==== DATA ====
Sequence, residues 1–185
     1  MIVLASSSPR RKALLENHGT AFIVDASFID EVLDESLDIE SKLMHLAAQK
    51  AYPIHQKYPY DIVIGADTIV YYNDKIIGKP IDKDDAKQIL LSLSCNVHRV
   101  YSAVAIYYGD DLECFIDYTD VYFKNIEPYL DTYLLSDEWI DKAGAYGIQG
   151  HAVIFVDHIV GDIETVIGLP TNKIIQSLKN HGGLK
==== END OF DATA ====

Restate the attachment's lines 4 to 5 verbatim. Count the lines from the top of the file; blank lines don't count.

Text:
   101  YSAVAIYYGD DLECFIDYTD VYFKNIEPYL DTYLLSDEWI DKAGAYGIQG
   151  HAVIFVDHIV GDIETVIGLP TNKIIQSLKN HGGLK